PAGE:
Norman v. Travelers

Filing 920091208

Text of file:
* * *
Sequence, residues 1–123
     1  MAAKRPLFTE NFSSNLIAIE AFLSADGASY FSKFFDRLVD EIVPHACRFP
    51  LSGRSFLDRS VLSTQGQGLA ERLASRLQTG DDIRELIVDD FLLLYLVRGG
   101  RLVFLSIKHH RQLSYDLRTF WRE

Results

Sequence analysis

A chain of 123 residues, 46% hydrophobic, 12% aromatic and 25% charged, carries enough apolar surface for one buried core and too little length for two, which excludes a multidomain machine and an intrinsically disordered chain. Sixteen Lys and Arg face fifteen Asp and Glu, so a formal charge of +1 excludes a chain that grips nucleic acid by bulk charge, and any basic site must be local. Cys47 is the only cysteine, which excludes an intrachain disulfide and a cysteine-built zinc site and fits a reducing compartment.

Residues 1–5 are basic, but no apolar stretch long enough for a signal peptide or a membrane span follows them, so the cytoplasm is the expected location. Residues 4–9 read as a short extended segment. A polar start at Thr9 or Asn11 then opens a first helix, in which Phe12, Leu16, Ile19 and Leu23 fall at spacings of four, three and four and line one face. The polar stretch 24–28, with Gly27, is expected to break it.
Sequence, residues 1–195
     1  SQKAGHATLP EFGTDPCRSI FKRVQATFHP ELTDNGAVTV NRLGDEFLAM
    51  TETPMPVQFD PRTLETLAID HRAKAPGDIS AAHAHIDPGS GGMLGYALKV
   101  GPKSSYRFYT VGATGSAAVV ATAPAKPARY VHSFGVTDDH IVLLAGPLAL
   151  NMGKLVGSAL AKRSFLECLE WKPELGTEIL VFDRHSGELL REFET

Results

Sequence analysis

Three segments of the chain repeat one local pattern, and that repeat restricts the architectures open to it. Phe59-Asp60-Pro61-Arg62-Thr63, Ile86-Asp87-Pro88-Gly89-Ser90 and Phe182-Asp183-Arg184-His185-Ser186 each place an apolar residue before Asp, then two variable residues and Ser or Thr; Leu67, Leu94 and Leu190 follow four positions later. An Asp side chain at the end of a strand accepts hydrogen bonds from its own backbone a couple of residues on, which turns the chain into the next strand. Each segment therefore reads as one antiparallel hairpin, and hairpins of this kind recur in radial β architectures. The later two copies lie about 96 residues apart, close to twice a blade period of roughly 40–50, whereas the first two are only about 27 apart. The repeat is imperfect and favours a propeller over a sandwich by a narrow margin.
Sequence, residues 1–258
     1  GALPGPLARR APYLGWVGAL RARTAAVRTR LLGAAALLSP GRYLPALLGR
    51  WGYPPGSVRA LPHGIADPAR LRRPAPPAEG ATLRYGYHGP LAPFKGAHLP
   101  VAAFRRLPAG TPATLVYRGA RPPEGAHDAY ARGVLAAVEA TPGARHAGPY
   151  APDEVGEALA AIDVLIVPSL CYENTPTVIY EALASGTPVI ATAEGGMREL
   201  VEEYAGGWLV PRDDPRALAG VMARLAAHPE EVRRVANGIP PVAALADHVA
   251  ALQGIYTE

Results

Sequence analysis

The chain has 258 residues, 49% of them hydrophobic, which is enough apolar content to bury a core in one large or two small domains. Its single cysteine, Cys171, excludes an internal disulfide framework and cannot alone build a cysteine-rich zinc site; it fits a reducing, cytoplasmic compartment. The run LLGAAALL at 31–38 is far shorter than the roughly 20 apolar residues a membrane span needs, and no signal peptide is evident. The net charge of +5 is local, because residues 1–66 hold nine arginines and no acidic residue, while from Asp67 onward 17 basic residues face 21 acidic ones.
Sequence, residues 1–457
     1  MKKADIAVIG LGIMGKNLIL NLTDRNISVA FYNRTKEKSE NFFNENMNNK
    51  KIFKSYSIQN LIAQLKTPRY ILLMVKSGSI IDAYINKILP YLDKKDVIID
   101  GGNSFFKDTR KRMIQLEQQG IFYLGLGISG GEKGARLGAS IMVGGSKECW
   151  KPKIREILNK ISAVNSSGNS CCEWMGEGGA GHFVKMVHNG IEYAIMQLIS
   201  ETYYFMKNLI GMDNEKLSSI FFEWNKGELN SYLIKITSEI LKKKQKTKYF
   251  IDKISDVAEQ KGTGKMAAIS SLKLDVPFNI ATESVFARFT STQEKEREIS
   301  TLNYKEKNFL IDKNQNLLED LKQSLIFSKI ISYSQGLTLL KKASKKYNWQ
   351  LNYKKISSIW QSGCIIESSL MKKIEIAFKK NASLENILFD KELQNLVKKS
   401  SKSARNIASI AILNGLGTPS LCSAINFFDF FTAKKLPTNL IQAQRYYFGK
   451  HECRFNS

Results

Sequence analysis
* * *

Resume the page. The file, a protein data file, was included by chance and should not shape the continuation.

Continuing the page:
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IN THE UNITED STATES COURT OF APPEALS United States Court of Appeals FOR THE FIFTH CIRCUIT Fifth Circuit FILED December 8, 2009 No. 09-30028 Charles R. Fulbruge III Clerk THRACE B. NORMAN; M. LIZABETH TALBOTT Plaintiff-Appellee-Cross-Appellant v. FIDELITY NATIONAL INSURANCE COMPANY Defendant-Appellant-Cross-Appellee Appeals from the United States District Court for the Eastern District of Louisiana 2:07-CV-4438 Before GARWOOD, DAVIS, and DENNIS, Circuit Judges. W. EUGENE DAVIS, Circuit Judge:* This appeal and cross-appeal revolve around the question of whether the insured must file a statutorily required proof of loss ("POL") to recover under a Standard Flood Insurance Policy ("SFIP"). We answer this question in the affirmative and for the reasons stated below, we AFFIRM in part, VACATE in part, and RENDER judgment in favor of Fidelity. Pursuant to 5TH CIR . R. 47.5, the court has determined that this opinion should not be published and is not precedent except under the limited circumstances set forth in 5TH CIR . R. 47.5.4. * No. 09-30028 I. Plaintiff-Appellee Thrace Norman ("Norman") is the holder of a National Flood Insurance Plan ("NFIP") SFIP purchased from the defendant, Fidelity National Insurance, Co. ("Fidelity").1 The policy covered Norman's two-story property in New Orleans. At the time the policy was issued, it was rated as a postfirm policy 2 and specifically stated that there was "no basement" in the property. Hurricane Katrina struck New Orleans on August 29, 2005 and damaged Norman's property.3 Norman filed a claim for flood-related damages approximately five days after the storm. On November 1, 2005, a flood adjuster inspected only the exterior of Norman's property. On December 4, 2005, Fidelity sent Norman a check for $10,697.68 to cover the adjusted exterior damage. On February 9, 2007, a different adjuster, Robert Bonka, inspected the interior of Norman's first floor area, accounting for its contents. Bonka determined the adjusted value owed to Norman for the first floor interior and contents to be $2,480.90. On April 3, 2007, Fidelity sent Norman a check for $419.80 to cover the adjusted interior and contents damage. Fidelity is a Write Your Own ("WYO") Program Carrier participating in the U.S. Government's NFIP pursuant to the National Flood Insurance Act of 1968. The WYO program allows participating property and casualty insurance companies to write and service the SFIP in their own names. The companies receive an expense allowance for policies written and claims processed while the Federal Government retains responsibility for underwriting losses. FEMA Answers to Questions About the NFIP, (last visited Nov. 19, 2009). Policy rates are determined, in part, by the Flood Insurance Rate Map (FIRM). When a construction is built prior to the publication of a flood rate map, the policy is rated as a prefirm policy. If the construction is built after the publication of a flood map, it is rated as a postfirm policy. Prefirm premiums are lower than postfirm premiums. Norman's property was a two story "raised shotgun double" home. Norman lived upstairs on the second floor; the first floor had once been an apartment, but at the time of the storm it was being used for storage. According to testimony, the first floor was under two feet of water following Hurricane Katrina. As a result of this flooding, the interior walls, electrical fixtures, and various pieces of Norman's personal property were damaged. 3 2 1 2 No. 09-30028 On March 26, 2007, Fidelity retroactively changed Norman's policy rating to a prefirm policy. The reason for the change, according to Fidelity, was that the original postfirm rating was incorrect. The change in firm rating meant that Norman overpaid his premiums, so Fidelity reimbursed him for the amount he overpaid. At the same time, Norman's property description was also retroactively changed from stating "no basement" to stating "basement enclosure unfinished." On April 27, 2007, Norman filed suit against Fidelity claiming that Fidelity breached its contract with Norman by failing to properly adjust Norman's claim. Specifically, Norman alleged that the $10,697.68 along with the $419.80 paid by Fidelity was only a fraction of the total damage sustained to the property following the hurricane. Prior to filing suit, however, Norman did not submit a POL to Fidelity in accordance with the SFIP. Fidelity argued to the district court that Norman's failure to file a POL relieved Fidelity of any obligation it owed Norman. In response, Norman contended that Fidelity repudiated the policy on March 26, 2007. According to Norman, when the firm rating and basement description were altered, Fidelity repudiated the policy thus relieving Norman from filing a POL. At trial, Norman elicited expert testimony that the total damage to Norman' s property was approximately $68,000. Nevertheless, the district court ruled in favor of Fidelity, holding that, because Norman failed to file a POL, Norman was not entitled to any payment by Fidelity above the amount Fidelity determined he was owed. However, the district court found that Norman was entitled to the full amount Bonka determined Norman was owed for the contents of the first floor area. Accordingly, the court entered judgment in favor of Norman for $2,061.10 representing the difference between the $2,480.90 adjustment Bonka determined was the amount owed to Norman and the $419.80 Fidelity paid to Norman on April 3, 2007. 3 No. 09-30028 Norman filed a timely appeal arguing that Fidelity repudiated the policy and therefore no POL had to be filed. Thus, Norman argued, the district court erred in refusing to award him for the total loss of the property. Fidelity also timely appealed, arguing that the district court erred in awarding Norman the additional $2,061.10. separately below. We discuss Norman's appeal and Fidelity's appeal II. Norman argues that the district court erred in concluding that he was required to file a POL. The flood policy at issue in this case was a Dwelling Form SFIP, issued to Norman by Fidelity and codified under 44 C.F.R. 61, App. A(1). Under 44 C.F.R. 61.13, the holder of a SFIP must comply with the terms of the SFIP. The SFIP contains a requirement that the insured must file a POL within sixty days after the loss has occurred. Article VII(J)(4) 44 C.F.R. Pt. 61 App. A(1). See Dwyer v. Fid. Nat'l Prop. & Cas. Ins. Co., 565 F.3d 284, 287 (5th Cir. 2009) (distinguishing between the proof of loss clause of the SFIP that uses the word "must" and the appraisal clause of the SFIP that uses the word "may" and finding the former is mandatory but the latter is optional). The Fifth Circuit has consistently held that when the insured fails to file a POL, the insurer is relieved of its obligation to pay an otherwise valid claim. Marseilles Homeowners Condo Ass'n v. Fid. Nat'l Ins. Co., 542 F.3d 1053, 105556 (5th Cir. 2008); Wright v. Allstate Ins. Co., 415 F.3d 384, 387 (5th Cir. 2005); Gowland v. Aetna, 143 F.3d 953, 954 (5th Cir. 1998). There are some exceptions to the requirement that a POL be filed. Sec. 61.13(d) states that the Federal Insurance Administrator may provide express written consent to alter, vary, or waive the SFIP. Thus, in case of an express alteration, variation, or waiver, a POL need not be filed. Additionally, the 4 No. 09-30028 Fourth Circuit has held that filing a POL is unnecessary if the insurer repudiates the policy before the insured was obligated to file a proof of loss. Studio Frames v. Std. Fire Ins. Co., 369 F.3d 376 (4th Cir. 2004). Since Norman filed no POL, the question before this court narrows to whether Norman established an applicable exception to the requirement that a POL be filed. In this case, no exception to the POL filing requirement was established. It is undisputed that there was no alteration, variation, or waiver of the SFIP. Therefore, 61.13(d) does not apply. Despite Norman's assertion that Fidelity repudiated the contract, we agree with the district court that repudiation did not take place. Under the Fourth Circuit's analysis in Studio Frames that Norman asks this court to apply, the court provided the following guidance in determining whether the insurer repudiated a contract: First, in determining whether [the defendant-insurer] repudiated a term of the contract, the district court should bear in mind that a refused performance "need not be express or dependent on `spoken words' alone; it may rest on a defendant's conduct evidencing a clear intention `to refuse performance in the future.'" Second, for there to be repudiation of a contract, the district court must conclude that the contract was binding on the party refusing to perform, i.e., that [the defendant-insurer] was mistaken in its belief that the SFIP forbade it from offering building coverage to [the plaintiff-insured]. A party to a contract does not repudiate its obligations under that contract by refusing to do that which the contract forbids it from doing. And third, if it is determined that [the defendant-insurer] was bound to provide building coverage under the contract, it must be determined whether its refusal to perform that obligation was unequivocal and went to the "very essence of the contract." Id. at 383 (citations omitted). For the Studio Frames repudiation exception to apply, the insured must demonstrate that the insurer owes the insured coverage that it refused to 5 No. 09-30028 provide. Id. In this case, Fidelity did not deny Norman coverage. On the contrary, Fidelity admitted in open court that Norman had coverage. The dispute between Fidelity and Norman revolves around the amount of loss, not the coverage itself. As such, Fidelity did not repudiate the contract. Because there was no repudiation, Norman was required to file a POL. Norman did not timely file a POL; therefore Fidelity is relieved of any obligation to pay Norman. III. Fidelity appeals the district court's order awarding Norman the difference between the amount Fidelity's adjuster stated Norman was owed and the sum Fidelity actually paid Norman. We agree with Fidelity that the district court erred in awarding Norman the additional $2,061.10. The NFIP is a federally-administered program supported by funds drawn from the federal treasury. Gowland v. Aetna, 143 F.3d 951. 955 (5th Cir. 1998). Payments made pursuant to a policy underwritten by the NFIP are a direct charge on the public treasury. Id. Under the Appropriations Clause of the Constitution, "money may be paid out only through an appropriation by law; in other words, the payment of money from the Treasury must be authorized by statute." Wright v. Allstate Ins. Co., 415 F.3d 384, 387 (5th Cir. 2005). 44 C.F.R. 61.1, et seq., which establishes the terms of the SFIP, requires the filing of a POL before the insured can receive payment on his claim. Applying the analysis in Wright to this case, a court may not order payment of funds from the NFIP when the requirements of the statute have not been met. Because Norman failed to file a POL, the district court erred in awarding Norman the additional $2,061.10. 6 No. 09-30028 CONCLUSION For the above reasons, we AFFIRM the district court's rejection of Norman's $68,000.00 claim against Fidelity for flood damage to his home; however we VACATE the district court's award of $2,061.10 representing the difference between the amount Fidelity paid and the amount the adjuster offered for contents damage; we therefore RENDER a take nothing judgment in favor of Fidelity. 7